Are you Douglas P Gibson?

Claim your profile

Publications (14)86.42 Total impact

  • [Show abstract] [Hide abstract]
    ABSTRACT: Objective End stage liver disease is associated with diminished quality of life. Numerous physical and psychosocial problems that impact quality of life are common in those undergoing evaluation for liver transplantation. Identifying which of these challenges are most closely associated with quality of life would be helpful in developing priority targets for evidence-based interventions specific to those undergoing transplant evaluation. Method 108 adults undergoing psychological assessment for liver transplant completed clinical interview, neuropsychological testing, and self-report inventories of depression, anxiety, cognitive appraisal characteristics, support resources, and quality of life. Results Multiple regression analyses revealed that while emotional symptoms (anxiety and depression) were primarily associated with mental quality of life, illness apprehension was the only variable uniquely associated with physical quality of life after accounting for severity of liver disease, cognitive status, emotional symptoms, and support resources. Conclusion Findings suggest that psychosocial interventions prioritizing reduction of illness related fear and symptoms of anxiety/depression will likely have the greatest impact on quality of life in persons with end stage liver disease awaiting transplantation.
    Psychosomatics 01/2013; · 1.73 Impact Factor
  • Source
    [Show abstract] [Hide abstract]
    ABSTRACT: The subjectivity of the West-Haven criteria (WHC) hinders hepatic encephalopathy (HE) evaluation. The new HE classification has emphasised assessment of orientation. The modified-orientation log (MO-log, eight questions, scores 0-24; 24 normal) is adapted from a validated brain injury measure. To validate MO-log for HE assessment in cirrhosis. Cirrhotics admitted with/without HE were administered MO-log. We collected cirrhosis/HE details, admission/daily MO-logs and WHC (performed by different examiners), time to reach normal mentation (MO-log ≥23) and MO-log/WHC change (Δ) over day 1. Outcomes were in-hospital mortality, duration to normal mentation and length-of-stay (LOS). Regressions were performed for each outcome. MO-log inter-rater reliability was measured. Ninety-six HE (55 ± 8 years, MELD 21) and 20 non-HE (54 ± 5 years, MELD 19) in-patients were included. In HE patients, median admission WHC was 3 (range 1-4). Mean MO-log was 12 ± 8 (range 0-22). Their LOS was 6 ± 5 days and 13% died. Time to reach normal mentation was 2.4 ± 1.7 days. Concurrent validity: there was a significant negative correlation between admission MO-log and WHC (r = -0.79, P < 0.0001). Discriminant validity: admission MO-logs were significantly lower in those who died (7 vs. 12, P = 0.03) and higher in those admitted without HE (23.6 vs. 12, P < 0.0001). MO-log improved in 69% on day 1 (ΔMO-log 4 ± 8) which was associated with lower duration to normal mentation (2 vs. 3.5 days, P = 0.03) and mortality (3% vs.43%, P < 0.0001), not ΔWHC. Regression models for all outcomes included admission/ΔMO-log but not WHC as a predictor. Inter-rater reliability: ICC for MO-log inter-rater observations was 0.991. Modified-orientation log is a valid tool for assessing severity and is better than West-Haven criteria in predicting outcomes in hospitalised hepatic encephalopathy patients.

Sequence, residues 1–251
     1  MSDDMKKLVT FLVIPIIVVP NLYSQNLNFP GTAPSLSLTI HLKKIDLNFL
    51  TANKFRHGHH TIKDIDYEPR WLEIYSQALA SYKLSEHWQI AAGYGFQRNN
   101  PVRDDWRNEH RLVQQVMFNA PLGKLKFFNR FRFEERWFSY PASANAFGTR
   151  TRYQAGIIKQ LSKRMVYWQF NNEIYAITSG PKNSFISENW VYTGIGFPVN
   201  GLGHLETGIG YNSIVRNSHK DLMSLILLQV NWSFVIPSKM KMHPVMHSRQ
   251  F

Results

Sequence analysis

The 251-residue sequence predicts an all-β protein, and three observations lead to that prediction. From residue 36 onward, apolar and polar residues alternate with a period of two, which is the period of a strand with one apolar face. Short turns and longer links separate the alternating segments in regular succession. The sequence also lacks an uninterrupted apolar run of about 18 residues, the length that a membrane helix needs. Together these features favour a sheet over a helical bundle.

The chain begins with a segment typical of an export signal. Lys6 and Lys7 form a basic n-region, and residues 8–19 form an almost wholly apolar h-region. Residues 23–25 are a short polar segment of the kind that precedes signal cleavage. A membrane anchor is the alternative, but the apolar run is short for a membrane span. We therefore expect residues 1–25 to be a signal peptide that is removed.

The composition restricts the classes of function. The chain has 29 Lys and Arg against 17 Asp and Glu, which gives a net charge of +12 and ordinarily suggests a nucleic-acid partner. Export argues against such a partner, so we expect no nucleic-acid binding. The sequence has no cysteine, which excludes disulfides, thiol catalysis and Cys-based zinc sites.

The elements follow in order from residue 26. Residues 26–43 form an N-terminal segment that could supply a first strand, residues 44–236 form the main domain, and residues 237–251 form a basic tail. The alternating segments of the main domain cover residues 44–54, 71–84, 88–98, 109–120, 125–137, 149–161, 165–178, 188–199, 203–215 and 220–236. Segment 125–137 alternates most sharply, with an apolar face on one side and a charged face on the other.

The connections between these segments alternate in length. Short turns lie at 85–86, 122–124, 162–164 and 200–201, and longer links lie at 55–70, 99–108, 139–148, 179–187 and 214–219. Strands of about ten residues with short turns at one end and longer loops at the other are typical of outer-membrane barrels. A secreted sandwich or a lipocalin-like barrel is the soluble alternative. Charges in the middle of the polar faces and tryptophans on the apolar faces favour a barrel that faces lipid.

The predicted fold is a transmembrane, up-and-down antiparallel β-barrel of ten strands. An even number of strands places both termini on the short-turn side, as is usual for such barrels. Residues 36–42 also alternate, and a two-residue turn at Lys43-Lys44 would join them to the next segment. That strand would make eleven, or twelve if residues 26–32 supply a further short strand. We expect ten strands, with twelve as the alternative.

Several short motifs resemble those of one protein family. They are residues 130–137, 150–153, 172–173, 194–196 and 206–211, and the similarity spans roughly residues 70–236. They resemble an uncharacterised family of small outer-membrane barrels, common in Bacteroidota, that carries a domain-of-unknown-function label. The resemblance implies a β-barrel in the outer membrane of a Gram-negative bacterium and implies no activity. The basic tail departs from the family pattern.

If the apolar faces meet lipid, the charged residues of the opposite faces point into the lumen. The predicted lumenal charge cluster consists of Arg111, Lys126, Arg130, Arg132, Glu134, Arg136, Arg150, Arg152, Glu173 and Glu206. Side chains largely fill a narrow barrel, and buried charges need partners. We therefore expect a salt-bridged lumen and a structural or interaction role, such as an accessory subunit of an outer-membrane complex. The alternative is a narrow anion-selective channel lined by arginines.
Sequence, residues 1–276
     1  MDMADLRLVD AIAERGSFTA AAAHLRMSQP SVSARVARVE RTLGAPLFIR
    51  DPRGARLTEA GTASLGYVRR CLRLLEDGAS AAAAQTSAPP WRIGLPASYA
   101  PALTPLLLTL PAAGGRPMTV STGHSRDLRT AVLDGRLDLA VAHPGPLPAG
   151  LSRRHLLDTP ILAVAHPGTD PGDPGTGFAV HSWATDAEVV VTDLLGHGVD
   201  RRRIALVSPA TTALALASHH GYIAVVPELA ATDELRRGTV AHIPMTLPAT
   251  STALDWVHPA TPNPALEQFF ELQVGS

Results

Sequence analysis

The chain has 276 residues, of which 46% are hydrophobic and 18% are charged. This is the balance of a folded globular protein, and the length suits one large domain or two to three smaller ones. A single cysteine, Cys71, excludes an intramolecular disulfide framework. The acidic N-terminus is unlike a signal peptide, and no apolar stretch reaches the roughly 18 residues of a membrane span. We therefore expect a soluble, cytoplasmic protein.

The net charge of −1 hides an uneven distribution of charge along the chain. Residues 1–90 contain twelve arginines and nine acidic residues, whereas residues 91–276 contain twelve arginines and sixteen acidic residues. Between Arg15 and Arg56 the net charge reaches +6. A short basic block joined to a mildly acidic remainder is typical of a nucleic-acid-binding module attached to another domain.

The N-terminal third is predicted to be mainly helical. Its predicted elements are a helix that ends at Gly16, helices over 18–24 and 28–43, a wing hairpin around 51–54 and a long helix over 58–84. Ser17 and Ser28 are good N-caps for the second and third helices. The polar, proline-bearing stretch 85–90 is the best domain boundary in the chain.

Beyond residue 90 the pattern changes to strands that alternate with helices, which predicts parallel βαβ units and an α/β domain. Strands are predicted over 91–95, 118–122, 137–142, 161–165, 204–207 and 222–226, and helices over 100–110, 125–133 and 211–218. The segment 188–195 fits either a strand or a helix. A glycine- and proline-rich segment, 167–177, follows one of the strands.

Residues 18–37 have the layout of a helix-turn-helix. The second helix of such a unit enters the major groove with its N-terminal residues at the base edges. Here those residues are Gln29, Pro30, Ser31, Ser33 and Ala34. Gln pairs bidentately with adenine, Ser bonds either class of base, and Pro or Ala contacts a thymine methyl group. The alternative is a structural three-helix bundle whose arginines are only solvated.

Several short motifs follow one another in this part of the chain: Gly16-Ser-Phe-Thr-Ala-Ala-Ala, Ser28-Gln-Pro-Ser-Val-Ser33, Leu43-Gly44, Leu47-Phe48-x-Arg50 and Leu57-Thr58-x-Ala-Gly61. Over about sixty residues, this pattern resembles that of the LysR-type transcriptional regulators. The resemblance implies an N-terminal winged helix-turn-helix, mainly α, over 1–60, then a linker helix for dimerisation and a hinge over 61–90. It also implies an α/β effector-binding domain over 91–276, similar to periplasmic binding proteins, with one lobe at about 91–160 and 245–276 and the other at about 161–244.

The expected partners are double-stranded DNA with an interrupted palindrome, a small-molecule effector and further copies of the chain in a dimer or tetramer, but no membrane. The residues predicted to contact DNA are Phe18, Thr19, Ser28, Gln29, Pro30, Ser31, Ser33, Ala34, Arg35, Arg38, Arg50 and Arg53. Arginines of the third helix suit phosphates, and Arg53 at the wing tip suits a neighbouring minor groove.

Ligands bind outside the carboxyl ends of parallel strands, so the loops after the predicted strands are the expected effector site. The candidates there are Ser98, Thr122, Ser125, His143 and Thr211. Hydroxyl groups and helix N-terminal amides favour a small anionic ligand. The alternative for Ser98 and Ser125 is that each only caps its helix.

Alimentary Pharmacology & Therapeutics 02/2012; 35(8):913-20. · 4.55 Impact Factor
  • Source
    [Show abstract] [Hide abstract]
    ABSTRACT: Cirrhotic patients have an impaired health-related quality of life (HRQOL), which is usually analysed using static paper-pencil questionnaires. The Patient Reported Outcomes Measurement Information System (PROMIS) computerised adaptive testing (CAT) are flexible, freely available, noncopyrighted, HRQOL instruments with US-based norms across 11 domains. CAT presents five to seven questions/domain depending on the patient's response, from large validated question banks. This provides brevity and precision equivalent to the entire question bank. To evaluate PROMIS CAT tools against 'legacy instruments' for cirrhotics and their informal caregivers. A total of 200 subjects: 100 cirrhotics (70 men, 53% decompensated) and 100 caregivers were administered the PROMIS and legacy instruments [Sickness Impact Profile (SIP), Beck depression/anxiety inventories, Pittsburgh Sleep-Quality Index (PSQI) and Epworth Sleepiness scale (ESS)] concurrently. Both legacy and PROMIS results for patients were compared with caregivers and US norms. These were also compared between compensated and decompensated patients. Preference for SIP or PROMIS was inquired of a selected group (n = 70, 50% patients). Test - retest reliability was assessed in another group of 20 patients. Patients had significant impairment on all PROMIS domains apart from anger and anxiety compared with caregivers and US norms (P < 0.02 to <0.0001). Decompensated patients had significantly worse sleep, pain, social and physical function scores compared with compensated ones, similar to legacy instruments. There was a statistically significant correlation between PROMIS and their corresponding legacy instruments. The majority (71%) preferred PROMIS over SIP. PROMIS tools had significant test - retest reliability (ICC range 0.759-0.985) when administered 12 ± 6 days apart. PROMIS computerised adaptive testing tools had significant concurrent and discriminant validity, test - retest reliability and subject preference for assessing HRQOL in cirrhotic patients.